Bowling to step down after 32 years
by Gary Hanner
Jul 18, 2012 | 3318 views |  0 comments | 8 8 recommendations | email to a friend | print
After 32 years as a city councilman for Ashville, Bobby Bowling has decided not to seek re-election.
After 32 years as a city councilman for Ashville, Bobby Bowling has decided not to seek re-election.
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In 1980, Ronald Reagan was elected as President of the United States. In that same year, Bobby Bowling was elected to serve Ashville as a city councilman.
 
When voters in Ashville go to the polls Aug. 28, Bowling’s name will not be on the ballot for the first time in 32 years. After serving eight consecutive terms, the 83-year-old Bowling has decided not to seek re-election — and it was a very hard decision for him.
 
“I went and paid my $50 fee to qualify, and then changed my mind,” Bowling said from his home last week. “I’ve seen a lot of changes in those 32 years.”
 
Bowling served with four different mayors from Bill Murray, Herb Collett, Phillip Anthony and current mayor Robert McKay.
 
Bowling was over the street department, and has seen many changes, especially with the population of Ashville.
 
In 1980, the population of Ashville was 1,467. The 2010 census said Ashville had grown to 2,212 citizens.
 
“There have been a lot of people who have moved in here,” Bowling said.
 
When asked what his greatest accomplishment was, Bowling said, “just being able to help people.”
 
Bowling and his wife, Faye Haynes Bowling, celebrated their 62nd wedding anniversary May 5. They have two children, Bobbie Keenum and Mike Bowling. Keenum is married to Larry Keenum, who serves as a city councilman for Rainbow City.
 
Mike Bowling served as a St. Clair County Commissioner, and is currently the St. Clair County Probate Judge.
 
The Bowlings have five grandchildren and five great grandchildren. Bowling said he and his family lived in a home behind the county shop for 26 years. They have lived in their current home for 28 years.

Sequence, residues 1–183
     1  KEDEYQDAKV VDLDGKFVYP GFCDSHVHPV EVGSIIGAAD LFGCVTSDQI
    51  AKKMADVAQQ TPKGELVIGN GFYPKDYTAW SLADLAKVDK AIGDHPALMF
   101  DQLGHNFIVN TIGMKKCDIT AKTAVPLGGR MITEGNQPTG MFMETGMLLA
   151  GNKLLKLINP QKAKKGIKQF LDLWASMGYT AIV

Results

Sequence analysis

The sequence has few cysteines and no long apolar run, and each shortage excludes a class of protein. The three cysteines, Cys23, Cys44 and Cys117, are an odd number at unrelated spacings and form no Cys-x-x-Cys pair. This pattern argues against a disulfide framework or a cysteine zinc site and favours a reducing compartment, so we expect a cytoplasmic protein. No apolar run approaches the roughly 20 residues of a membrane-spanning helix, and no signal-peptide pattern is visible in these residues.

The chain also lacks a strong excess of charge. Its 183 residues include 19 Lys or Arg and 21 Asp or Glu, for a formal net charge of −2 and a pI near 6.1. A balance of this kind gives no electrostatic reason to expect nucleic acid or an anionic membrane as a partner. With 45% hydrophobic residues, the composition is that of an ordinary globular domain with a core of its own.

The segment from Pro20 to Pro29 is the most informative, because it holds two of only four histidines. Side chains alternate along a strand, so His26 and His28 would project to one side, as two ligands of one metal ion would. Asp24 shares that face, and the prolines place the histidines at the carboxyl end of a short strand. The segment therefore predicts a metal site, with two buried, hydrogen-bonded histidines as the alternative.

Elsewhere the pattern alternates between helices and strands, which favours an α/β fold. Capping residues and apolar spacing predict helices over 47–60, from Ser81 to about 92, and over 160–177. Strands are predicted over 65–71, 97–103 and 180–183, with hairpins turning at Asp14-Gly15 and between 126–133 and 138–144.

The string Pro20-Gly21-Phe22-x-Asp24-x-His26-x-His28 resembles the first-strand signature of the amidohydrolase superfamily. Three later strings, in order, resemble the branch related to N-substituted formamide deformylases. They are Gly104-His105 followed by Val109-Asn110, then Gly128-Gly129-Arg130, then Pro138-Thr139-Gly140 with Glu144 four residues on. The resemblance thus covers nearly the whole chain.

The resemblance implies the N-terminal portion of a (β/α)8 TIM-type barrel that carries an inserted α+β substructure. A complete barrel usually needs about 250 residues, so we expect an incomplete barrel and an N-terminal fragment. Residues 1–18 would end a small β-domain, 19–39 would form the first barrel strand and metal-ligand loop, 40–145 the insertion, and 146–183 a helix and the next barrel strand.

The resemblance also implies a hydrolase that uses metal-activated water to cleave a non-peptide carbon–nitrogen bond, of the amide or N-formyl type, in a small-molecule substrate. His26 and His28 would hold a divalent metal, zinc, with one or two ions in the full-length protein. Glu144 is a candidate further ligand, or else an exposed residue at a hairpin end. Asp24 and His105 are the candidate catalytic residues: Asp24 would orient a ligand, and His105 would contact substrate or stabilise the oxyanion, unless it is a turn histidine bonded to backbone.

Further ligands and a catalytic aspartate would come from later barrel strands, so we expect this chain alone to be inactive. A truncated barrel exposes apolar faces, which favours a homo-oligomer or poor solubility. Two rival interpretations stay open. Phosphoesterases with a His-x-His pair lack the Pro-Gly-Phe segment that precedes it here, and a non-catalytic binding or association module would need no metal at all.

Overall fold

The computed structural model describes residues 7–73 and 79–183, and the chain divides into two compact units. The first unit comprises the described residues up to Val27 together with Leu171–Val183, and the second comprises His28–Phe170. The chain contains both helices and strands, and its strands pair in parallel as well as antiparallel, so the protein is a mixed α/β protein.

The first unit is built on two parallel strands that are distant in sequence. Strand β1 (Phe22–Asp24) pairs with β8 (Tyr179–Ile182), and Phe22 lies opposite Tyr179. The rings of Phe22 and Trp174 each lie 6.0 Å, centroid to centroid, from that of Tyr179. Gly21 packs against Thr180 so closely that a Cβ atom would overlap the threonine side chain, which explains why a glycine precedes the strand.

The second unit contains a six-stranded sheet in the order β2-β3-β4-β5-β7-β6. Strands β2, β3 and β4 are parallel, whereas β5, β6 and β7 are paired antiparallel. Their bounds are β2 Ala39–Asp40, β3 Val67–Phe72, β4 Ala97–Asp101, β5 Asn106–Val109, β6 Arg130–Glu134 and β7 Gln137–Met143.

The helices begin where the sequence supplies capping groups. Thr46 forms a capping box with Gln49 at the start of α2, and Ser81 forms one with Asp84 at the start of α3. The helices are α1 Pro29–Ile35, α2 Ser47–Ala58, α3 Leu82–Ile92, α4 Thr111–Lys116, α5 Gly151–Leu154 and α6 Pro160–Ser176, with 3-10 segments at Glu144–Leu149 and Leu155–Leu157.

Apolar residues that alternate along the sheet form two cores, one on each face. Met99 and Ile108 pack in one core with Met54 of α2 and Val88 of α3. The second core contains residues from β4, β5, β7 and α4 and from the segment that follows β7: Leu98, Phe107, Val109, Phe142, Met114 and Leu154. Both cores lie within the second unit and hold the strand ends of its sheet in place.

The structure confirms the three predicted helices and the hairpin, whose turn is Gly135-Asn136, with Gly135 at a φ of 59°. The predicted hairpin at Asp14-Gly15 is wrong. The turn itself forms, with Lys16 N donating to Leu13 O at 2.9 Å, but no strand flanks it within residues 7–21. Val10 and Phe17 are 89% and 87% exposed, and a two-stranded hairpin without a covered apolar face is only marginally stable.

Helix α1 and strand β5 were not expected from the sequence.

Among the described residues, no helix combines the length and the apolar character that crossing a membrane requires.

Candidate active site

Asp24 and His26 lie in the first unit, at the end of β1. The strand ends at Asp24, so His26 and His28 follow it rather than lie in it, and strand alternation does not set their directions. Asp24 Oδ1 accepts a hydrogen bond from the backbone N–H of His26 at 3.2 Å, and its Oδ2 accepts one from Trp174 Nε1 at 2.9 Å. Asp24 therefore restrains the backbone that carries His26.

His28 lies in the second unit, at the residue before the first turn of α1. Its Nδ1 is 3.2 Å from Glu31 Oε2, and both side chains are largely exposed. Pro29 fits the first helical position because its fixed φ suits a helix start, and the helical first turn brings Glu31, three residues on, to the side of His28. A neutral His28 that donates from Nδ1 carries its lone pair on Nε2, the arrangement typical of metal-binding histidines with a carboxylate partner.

Bowling attended Ashville High School, but did not graduate because he had to go to work in the fields.
 
He joined the U.S. Army and served in the Korean War in 1953.
 
“I was born while he was in the state of Washington ready to go to Korea,” Bobbie Keenum said. “He was in Korea for 18 months, and served a total of 22 months in the military.”
 
Keenum also said when her dad first ran for office in 1980, he had 50 cards printed.
 
“That’s all he has ever done,” she said. “There were several times he ran unopposed. He had an opponent during the last election, and Mike had some signs and cards made for him, but he never put them out.
 
Bowling lives close to the municipal building in Ashville where the council meets. He has walked to council meetings, driven his truck to the meetings and even taken his John Deere tractor to the meetings.
 
Bowling has been one of the participants in the Christmas parade each year, driving his John Deere. People in Ashville say the local children enjoy seeing Bowling and getting candy from him as much as they enjoy seeing Santa.
 
Asked if he was going to miss attending the meetings, Bowling simply said, “No.”
 
Although he is 83, Bowling has not slowed down cutting grass.
 
“I have 14 yards I keep cut for people,” Bowling said. “I enjoy cutting grass.”
 
Bowling and his wife are members of Oldham Cumberland Presbyterian Church.
 
Bowling said he has been going there all his life.
 
McKay said he has known Bobby since he was a kid.
 
“He has always been a person who loved to help everybody,” McKay said. “He has dedicated himself to helping people. Bobby would do anything to help anybody. We appreciate all the years of service and we wish him a happy retirement.”
 
McKay served as a councilman alongside Bowling for 12 years, and has been the mayor for the past 12 years.
 
“He has been a true friend and has served his community well,” McKay said. 
 
Ashville councilman Mike Sheffield said he has enjoyed working with Bowling.
 
“I have known him all my life,” Sheffield said. “My mother retired from the county highway department, and Bobby worked there. That’s how I’ve known him all these years. I went to school with his daughter. It has just been a privilege to serve with him these past four years. I was a rookie on the council. After the meetings, if I had any questions, I would ask Bobby, and he would give me some good advice. 
 
“We’re going to miss him. Thirty-two years is a long time to serve. We are appreciative of his service. I’m glad I am his neighbor. I look forward to seeing him every day.”
 
Bertha Wilson has been the city clerk for Ashville for the past 32 years.
 
“Bobby has always been dedicated,” Wilson said. “It was very seldom that he missed a meeting. He was always dependable, and a very likeable person.”

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